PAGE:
The Abuja Film Festival returned this year with the Nigerian premiere of the Lancelot Imasuen film, Invasion 1897.
Set in the ancient Benin Kingdom, the movie portrays how the British invaded the kingdom, deposed its ruler, Oba Ovonramwen Nogbaisi, and looted the palace, carting away religious sculptures as artefacts.
The movie was commended by the audience at the screening for trying to tell the “African story” from an African Perspective.
According to its director, Imasuen, Invasion 1897 was premiered in Toronto, Canada. It was also shown at the British Museum, Britain in August, at the Smithsonian in Washington DC, US and in Brasilia, Brazil during the FIFA 2014 World Cup.
The founder of the film festival, Fidelis Duker, noted that this was the first time an indigenous movie would open the festival and this special premiere was done to mark Nigeria’s centenary.
The movie starred first-time screen actor, Michael Omoregbee, in a critically acclaimed turn as Oba Ovonramwen. The actor has already been earmarked for the Best Performance by an Actor award by the festival’s jury. The movie was also nominated for Best Feature Film (Nigeria).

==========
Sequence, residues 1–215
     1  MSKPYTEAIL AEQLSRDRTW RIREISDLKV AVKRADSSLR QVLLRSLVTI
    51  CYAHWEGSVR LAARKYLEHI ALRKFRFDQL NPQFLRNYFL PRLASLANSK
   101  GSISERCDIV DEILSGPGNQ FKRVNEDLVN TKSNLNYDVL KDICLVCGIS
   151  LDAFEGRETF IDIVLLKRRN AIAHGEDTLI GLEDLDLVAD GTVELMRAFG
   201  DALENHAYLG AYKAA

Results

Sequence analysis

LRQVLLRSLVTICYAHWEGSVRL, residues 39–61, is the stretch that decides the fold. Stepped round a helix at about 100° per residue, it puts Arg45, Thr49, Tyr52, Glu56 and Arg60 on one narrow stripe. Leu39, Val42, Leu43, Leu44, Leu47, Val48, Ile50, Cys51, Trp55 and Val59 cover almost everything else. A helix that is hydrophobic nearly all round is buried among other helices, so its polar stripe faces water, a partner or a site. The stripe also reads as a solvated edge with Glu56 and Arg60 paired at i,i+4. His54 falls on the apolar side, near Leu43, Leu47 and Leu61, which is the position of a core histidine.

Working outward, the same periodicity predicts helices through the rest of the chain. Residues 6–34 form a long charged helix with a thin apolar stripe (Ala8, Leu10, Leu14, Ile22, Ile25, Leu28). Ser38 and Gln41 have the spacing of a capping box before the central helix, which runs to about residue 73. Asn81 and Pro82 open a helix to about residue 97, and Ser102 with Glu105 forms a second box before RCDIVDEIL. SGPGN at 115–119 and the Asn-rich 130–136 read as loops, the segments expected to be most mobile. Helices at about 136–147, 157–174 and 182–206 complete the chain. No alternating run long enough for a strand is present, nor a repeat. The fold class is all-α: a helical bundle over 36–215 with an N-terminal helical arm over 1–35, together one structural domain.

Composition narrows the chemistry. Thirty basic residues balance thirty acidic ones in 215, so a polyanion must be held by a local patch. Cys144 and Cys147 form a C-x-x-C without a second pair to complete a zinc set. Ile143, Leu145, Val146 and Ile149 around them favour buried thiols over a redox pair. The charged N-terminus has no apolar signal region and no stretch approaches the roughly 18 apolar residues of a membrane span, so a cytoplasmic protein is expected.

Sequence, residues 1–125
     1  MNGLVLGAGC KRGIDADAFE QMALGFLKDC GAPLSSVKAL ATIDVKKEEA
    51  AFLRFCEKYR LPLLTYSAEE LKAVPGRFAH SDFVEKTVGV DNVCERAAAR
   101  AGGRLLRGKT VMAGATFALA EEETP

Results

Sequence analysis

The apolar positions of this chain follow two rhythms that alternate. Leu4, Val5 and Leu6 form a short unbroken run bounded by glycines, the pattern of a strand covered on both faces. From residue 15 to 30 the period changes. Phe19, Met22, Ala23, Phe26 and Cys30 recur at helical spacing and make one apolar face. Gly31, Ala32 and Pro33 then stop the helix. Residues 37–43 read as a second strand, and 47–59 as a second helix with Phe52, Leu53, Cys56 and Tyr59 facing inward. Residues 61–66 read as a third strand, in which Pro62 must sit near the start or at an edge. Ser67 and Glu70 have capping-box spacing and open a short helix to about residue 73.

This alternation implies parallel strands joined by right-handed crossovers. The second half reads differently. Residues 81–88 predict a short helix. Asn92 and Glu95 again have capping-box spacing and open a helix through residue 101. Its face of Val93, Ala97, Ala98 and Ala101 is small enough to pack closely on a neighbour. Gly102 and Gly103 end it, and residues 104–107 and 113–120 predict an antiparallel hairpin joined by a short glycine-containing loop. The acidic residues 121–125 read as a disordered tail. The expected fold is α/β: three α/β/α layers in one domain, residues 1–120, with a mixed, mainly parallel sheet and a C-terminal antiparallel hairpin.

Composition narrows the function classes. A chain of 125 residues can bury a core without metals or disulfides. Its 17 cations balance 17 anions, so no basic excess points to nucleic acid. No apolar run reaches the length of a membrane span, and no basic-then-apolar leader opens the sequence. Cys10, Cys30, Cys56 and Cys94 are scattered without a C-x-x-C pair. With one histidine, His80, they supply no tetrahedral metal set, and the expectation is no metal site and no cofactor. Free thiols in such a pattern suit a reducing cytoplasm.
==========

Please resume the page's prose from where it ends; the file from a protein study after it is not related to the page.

The cast also included Paul Obazele, Segun Arinze, the late Justus Esiri as well as British actors, Rudolph Walker and Charles “Chucky” Venn.
A special guest at the screening was the Senate majority leader, Ndoma Egba, who declared the festival open.
Mr. Egba commending Nollywood, saying the Senate was in support of the industry going by its proposed motions picture bill. He, however, noted that the actors themselves were yet to send a liaison officer, as agreed, to the Senate who would be involved in the drafting of the bill.
Other guests at the event were Hollywood film makers, Zeb Ejiro and Charles Novia; actors, Emeka Ossai and Fred Amata, as well as some cast members from the movie; and comedians, Julius Agwu, Gbenga Adeyinka and MC Miracles.
The four-day film festival, which began on Tuesday, September 23, takes place at the Silverbird Cinemas, Abuja.
It will feature movies from Nigeria, China, Uganda, Egypt, France, the UK, Spain among others.
At the end of the festival, awards would be given to the best movies and actors.
On why he sited the festival in Abuja despite the fact that Nollywood is largely based in Lagos, Mr. Duker said it meant to be close to the seat of power and, that way, get government attention and investment in the industry.